1757 October 3 – Norfolk County: Martha Linus was a witness to the will of Elizabeth Godfrey.
1765 April 29 – Norfolk County: Will of Martha Linus.
Executor – Nathaniel Tatem, Senior.
To Nathaniel Tatem, son of Nathaniel Tatem – negroes Nancey and Affa; bed and bed stead, sheets, plate, quilts, silver pepper box, etc…if he dies all goes to his brother James Tatem.
To Lovey Tatem, daughter of Nathaniel Tatem – negro Juda…if she dies, Juda goes to her sister, Ann Tatem
To Marian Abyvon – chest and 5 pounds cash
To Ann Tatem, daughter of Nathaniel – chest and silver teaspoons
To Mary Avery – 5 pounds cash; To Mary Carter, daughter of Mary Avery – bed, rug, etc.
To Cousin – Nathaniel Tatem, Senior – Negro Jammy; remainder of estate not before given.
Probated 15 May 1766. Witnesses: Matthew Godfrey, Dinah Tatem (F/144)
Norfolk County, Virginia Will Book 1, 1755-1772 by Elizabeth B. Wingo 1986
(3). Miriam Tatem, (various spellings), daughter of Nathaniel Tatem “II.”
1717 July 31 - Norfolk County: Marriage bond - James Egerton of “Province of Maryland” to “Mirium Tatem,” daughter of Elizabeth Tatem who consents for her. Surety: James Cumming. Witnesses: Rand. Edgerton and Moses Kedwood. (county record)
1717/18 January 3 – Norfolk County: James Edgerton and his wife Marian and Nathaniel Tatem deeded to Lemuell Newton, Surveyor…for 20 pounds…175 acres being part of 550 acres given to the said James Edgerton’s wife by her father’s will, being part of 550 acres granted Capt. Richard Church by patient dated 20 April 1668. Land adjoins Capt. Nicholson. Signed: James Edgerton, Mariam “M” Edgerton, Nathaniel Tatem. Witnesses Geo. Newton, John Willis, Richard __, Sarah “x” Guy. Court 26 February 1719. (DB 10/4)
(4). Nathaniel Tatem “III,” son of Nathaniel Tatem “II.” His birth date is difficult to estimate and died 1739 when his will was probated. He married at an unknown date/location to Ann Godfrey about 1713/1714 and lived in Norfolk County, Virginia. Nathaniel Tatem “III” was a mariner, merchant, and a judge in Norfolk County.
Details for Nathaniel Tatem III and Ann Godfrey:
1715/16 March 13 – Norfolk County: Will of Mathew Godfrey: (A very long will of Mathew Godfrey who apparently was not married and did not have children.) Several items to note:
…to my Cusen Mathew Godfrey the son of my brother John Godfrey…negro man called Tom Butt. (Cousen Mathew is named to inherit further lands…lands in Norfolk County…lands in at the Great Bridge
…to my Cosen William Godfrey and Anne Tatum and Amee Hutchings each of them ten shilling a piece to make each of them a ring
…to my cusens Randle, Thomas, George, and James Egerton, 10 shillings (and) a piece to make them a ring.
…to my Cosen Joseph Perry all my land in Corotuck Bay the Raged llands and alsoe my part of the Ceader Island.
…to my Cusen Thomas Perry one cow…on Ceader island…my Cattle that I shall have in in Corrotuck…divided among my Sister Jacksons children.
…my Great Sloop called the America...the Sloop that I have begun to build at the Quarter near the North River in Norfolk County… Proved 17 May 1717.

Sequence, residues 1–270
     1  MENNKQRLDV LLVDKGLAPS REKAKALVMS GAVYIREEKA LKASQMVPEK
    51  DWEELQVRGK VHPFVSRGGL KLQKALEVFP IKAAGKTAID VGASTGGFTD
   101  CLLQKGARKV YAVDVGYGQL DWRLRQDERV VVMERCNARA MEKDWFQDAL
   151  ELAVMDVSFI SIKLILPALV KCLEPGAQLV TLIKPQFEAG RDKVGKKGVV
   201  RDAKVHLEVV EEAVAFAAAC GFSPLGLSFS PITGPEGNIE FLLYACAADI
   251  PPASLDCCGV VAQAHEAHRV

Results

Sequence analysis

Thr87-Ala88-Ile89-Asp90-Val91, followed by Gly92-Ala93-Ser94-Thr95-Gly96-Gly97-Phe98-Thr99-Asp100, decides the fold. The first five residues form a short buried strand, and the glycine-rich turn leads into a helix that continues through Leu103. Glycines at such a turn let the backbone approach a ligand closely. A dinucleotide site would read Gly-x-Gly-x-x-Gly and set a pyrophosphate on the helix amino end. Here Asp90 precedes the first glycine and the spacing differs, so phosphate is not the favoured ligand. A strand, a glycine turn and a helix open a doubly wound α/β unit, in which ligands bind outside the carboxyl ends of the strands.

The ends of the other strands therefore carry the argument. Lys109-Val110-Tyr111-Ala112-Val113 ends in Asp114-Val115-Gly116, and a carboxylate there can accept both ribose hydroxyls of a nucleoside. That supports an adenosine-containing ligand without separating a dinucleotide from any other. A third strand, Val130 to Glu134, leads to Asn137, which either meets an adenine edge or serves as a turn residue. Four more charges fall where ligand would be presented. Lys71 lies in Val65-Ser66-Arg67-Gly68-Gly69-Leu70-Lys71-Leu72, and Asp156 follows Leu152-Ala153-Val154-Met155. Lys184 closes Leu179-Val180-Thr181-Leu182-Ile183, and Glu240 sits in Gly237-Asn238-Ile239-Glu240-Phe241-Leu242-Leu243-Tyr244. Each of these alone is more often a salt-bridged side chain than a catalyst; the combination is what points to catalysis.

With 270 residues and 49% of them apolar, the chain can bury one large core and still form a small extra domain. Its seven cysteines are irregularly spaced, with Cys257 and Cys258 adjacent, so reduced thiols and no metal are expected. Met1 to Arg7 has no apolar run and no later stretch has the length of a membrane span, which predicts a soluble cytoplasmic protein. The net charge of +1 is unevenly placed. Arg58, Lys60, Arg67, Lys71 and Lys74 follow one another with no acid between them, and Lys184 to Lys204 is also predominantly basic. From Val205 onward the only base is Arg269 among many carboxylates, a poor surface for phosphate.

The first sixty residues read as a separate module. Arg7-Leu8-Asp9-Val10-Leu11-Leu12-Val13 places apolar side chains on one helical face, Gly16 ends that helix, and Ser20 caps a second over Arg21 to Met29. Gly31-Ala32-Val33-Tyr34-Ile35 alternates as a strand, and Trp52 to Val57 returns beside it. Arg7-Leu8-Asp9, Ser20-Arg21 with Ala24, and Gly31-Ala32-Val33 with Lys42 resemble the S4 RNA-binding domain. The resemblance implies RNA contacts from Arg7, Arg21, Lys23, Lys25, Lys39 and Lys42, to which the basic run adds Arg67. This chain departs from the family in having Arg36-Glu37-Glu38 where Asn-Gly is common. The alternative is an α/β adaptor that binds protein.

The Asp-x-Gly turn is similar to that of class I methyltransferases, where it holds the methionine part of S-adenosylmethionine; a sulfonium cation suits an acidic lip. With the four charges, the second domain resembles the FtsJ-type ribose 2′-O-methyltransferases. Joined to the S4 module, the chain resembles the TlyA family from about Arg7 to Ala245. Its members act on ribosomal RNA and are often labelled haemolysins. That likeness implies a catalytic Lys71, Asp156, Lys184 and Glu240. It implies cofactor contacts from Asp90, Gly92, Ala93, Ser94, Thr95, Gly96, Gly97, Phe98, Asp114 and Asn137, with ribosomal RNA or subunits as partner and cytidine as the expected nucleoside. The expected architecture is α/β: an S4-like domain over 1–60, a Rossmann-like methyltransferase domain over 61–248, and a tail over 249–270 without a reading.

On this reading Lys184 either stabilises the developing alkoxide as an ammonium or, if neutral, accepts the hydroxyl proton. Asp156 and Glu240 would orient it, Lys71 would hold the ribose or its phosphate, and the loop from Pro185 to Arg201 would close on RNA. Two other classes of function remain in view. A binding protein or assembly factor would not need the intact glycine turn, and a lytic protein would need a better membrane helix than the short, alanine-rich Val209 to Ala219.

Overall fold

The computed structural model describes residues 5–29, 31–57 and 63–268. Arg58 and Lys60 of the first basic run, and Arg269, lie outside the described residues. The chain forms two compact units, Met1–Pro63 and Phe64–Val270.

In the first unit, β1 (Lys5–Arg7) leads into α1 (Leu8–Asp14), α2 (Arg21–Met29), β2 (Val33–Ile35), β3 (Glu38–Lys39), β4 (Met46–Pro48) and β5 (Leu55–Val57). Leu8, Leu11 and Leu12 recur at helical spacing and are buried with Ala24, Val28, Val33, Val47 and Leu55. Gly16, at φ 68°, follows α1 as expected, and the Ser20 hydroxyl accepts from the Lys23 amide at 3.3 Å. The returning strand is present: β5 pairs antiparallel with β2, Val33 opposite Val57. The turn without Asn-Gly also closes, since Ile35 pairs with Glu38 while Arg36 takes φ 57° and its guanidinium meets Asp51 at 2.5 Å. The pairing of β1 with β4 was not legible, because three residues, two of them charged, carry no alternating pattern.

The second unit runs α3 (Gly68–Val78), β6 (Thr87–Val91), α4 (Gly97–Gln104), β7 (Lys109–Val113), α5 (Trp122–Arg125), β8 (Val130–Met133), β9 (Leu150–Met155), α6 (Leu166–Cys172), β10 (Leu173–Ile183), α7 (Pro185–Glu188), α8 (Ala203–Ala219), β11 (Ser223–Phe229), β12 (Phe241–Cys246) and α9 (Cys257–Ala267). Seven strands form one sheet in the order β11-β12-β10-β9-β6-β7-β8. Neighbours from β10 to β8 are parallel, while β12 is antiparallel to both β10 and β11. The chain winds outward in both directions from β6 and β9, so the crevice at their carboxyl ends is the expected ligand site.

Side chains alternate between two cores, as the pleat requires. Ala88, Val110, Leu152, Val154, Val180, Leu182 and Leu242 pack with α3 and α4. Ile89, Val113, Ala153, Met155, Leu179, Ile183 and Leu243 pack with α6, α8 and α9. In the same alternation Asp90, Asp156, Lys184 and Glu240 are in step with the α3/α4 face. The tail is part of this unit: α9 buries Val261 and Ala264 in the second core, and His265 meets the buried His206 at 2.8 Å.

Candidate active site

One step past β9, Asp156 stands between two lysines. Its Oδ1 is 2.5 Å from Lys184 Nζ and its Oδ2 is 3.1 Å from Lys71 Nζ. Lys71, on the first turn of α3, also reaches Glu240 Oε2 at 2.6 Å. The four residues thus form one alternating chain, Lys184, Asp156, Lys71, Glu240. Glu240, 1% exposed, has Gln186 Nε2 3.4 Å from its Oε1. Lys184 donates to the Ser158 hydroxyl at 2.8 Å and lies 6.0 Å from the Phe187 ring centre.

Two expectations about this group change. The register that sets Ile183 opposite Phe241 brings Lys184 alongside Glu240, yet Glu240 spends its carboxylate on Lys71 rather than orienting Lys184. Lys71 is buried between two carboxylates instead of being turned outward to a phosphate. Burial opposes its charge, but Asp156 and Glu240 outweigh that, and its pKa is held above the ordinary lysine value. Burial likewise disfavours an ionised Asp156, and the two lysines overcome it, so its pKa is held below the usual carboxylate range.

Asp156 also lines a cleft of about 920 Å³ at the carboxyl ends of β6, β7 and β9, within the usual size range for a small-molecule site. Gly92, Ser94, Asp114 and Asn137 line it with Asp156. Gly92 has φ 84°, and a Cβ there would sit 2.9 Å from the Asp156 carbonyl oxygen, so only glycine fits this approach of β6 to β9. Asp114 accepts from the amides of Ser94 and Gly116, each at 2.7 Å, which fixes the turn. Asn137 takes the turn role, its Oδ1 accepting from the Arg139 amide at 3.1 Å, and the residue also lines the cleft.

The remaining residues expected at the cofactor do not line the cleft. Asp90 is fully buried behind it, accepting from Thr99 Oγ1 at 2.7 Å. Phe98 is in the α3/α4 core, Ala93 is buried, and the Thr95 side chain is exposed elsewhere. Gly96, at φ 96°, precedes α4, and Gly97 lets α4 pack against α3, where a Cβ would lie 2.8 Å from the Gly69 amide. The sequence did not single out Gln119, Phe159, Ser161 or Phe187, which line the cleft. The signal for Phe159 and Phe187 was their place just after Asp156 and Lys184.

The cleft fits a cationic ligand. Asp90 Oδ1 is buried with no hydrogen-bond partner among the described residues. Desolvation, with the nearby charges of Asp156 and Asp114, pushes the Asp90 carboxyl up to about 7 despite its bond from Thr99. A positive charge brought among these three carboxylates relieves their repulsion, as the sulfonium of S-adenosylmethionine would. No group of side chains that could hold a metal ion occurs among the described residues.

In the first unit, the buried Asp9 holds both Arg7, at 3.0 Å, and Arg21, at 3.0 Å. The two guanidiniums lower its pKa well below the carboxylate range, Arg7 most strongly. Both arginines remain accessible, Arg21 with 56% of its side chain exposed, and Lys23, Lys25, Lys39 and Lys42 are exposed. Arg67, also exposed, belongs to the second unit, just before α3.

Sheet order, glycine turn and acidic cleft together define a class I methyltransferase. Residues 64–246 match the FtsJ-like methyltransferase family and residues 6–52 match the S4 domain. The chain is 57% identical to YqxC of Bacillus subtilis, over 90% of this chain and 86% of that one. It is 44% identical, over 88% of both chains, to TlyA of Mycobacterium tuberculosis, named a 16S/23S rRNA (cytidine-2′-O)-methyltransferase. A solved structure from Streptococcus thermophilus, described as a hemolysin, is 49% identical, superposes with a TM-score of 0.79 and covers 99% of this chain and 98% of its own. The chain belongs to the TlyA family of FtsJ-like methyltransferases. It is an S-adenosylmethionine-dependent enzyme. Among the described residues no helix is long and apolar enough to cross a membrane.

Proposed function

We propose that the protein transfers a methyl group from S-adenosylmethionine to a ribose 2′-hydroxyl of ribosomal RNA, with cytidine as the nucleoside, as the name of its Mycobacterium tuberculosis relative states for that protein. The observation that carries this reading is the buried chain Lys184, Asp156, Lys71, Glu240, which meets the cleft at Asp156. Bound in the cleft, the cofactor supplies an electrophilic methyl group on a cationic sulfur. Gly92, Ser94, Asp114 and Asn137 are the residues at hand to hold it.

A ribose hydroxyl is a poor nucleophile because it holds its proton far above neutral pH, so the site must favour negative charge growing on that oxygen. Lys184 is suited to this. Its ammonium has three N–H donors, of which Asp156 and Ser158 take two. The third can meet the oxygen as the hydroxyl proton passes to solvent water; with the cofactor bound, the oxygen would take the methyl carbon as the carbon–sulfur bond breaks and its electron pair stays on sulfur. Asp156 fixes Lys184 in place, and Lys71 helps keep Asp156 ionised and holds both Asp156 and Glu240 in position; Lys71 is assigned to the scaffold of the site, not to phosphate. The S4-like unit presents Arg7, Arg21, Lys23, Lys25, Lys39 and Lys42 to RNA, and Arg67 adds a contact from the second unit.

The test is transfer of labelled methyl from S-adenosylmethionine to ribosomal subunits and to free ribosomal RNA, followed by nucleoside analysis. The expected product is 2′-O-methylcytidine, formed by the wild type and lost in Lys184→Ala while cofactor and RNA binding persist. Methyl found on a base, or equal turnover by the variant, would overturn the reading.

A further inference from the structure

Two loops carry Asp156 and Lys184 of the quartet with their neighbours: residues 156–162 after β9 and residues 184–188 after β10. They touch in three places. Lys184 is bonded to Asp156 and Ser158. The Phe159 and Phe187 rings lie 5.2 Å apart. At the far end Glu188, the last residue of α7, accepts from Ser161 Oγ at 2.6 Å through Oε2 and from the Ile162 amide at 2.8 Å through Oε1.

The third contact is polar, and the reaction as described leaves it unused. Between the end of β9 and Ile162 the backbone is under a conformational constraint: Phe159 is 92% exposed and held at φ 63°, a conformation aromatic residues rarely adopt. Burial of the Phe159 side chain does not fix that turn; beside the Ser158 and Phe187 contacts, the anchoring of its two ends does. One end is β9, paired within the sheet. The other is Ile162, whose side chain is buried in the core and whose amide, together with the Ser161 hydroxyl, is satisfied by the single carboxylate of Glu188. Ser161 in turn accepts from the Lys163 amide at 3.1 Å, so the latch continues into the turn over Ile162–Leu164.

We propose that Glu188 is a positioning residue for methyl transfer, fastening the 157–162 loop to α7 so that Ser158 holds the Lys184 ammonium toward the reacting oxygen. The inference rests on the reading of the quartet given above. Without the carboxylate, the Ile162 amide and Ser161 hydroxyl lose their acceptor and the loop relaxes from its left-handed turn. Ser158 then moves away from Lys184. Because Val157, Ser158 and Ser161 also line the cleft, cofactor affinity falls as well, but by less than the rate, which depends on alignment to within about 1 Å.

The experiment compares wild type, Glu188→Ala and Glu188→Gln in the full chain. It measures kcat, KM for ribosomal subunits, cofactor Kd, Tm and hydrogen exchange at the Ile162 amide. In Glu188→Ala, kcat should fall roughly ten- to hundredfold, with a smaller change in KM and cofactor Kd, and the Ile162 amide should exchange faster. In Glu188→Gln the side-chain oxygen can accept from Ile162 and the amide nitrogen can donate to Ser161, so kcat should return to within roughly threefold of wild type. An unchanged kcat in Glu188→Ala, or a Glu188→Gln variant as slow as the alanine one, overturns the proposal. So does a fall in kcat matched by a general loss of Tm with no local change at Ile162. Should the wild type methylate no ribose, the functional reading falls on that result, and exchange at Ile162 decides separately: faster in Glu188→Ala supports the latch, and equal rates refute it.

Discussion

Book 9, p. 591.
Currituck Bay lands should be in nearby Currituck County, North Carolina which is in the most northeast corner of North Carolina. Currituck has more Tatems or Tatums with their relationship not understood.
1715 November 26 – Norfolk County: Col. Edward Moseley of Princess Anne County deeded to Nath’l Tatem of Norfolk County, land on Elizabeth River, at the head of Western Branch of Indian Creek. (DB F/94)
History of Perquimans County, Ellen Goode Rawlings Winslow and Winslow, 1931, page 424-425.
1718 August 15 - Norfolk County Court: Plaintiffs John Hutchings and wife Amey against defendant Nathan’ll Tatem by Jury Trial. John Godfrey on 5 August 1708 had three negro slaves called Joe, Dianna, and George. They and their increase were willed to his wife Mary Godfrey who in turn gave them to daughter Amey Godfrey. In the meantime, the slave Dianna had two children. The youngest of the children was called Phillis who was deeded 17 April 1713 by Mary Godfrey to her daughter Ann Godfrey. In the meantime Amey Godfrey had intermarried to John Hutchings (and Ann Godfrey to Nathaniel Tatem). Phillis was rated at 20 pounds sterling. On 19 September 1718 Court, the case was dismissed against the defendant Nathaniel Tatem and adjusted only to the court cost. (DB 10/29 and 10/30 court minutes)
1719 May 16 – Norfolk County: Will of Mary Godfrey of Norfolk County. Proved 18 October 1719.
…to my son Mathew Godfrey one horse called Robin…
…to my Son William Godfrey one whip saw which is now at my Son in Law Tatems and one pair of Money Scales.
…to my Daughter Amy..two heaters…
…to my Daughter Ann Tatem one feather bed…
…to my Daughter Amy Hutchens one feather bed…
…to my Son Matthew one house bell…
…to my Daughter Whitkhouse one small feather bed…six leather chairs…
…to my children Mathew and William and Mary & Daughter Ann and Amy…
…my two Sons Mathew and William Godfrey…Sole Executors.
Witnesses: Lemil Simmons, Cathe Godfrey. Signed: Mary Godfrey & S.
Book Orders-Appraisements-Wills (Book OAW, p. 38)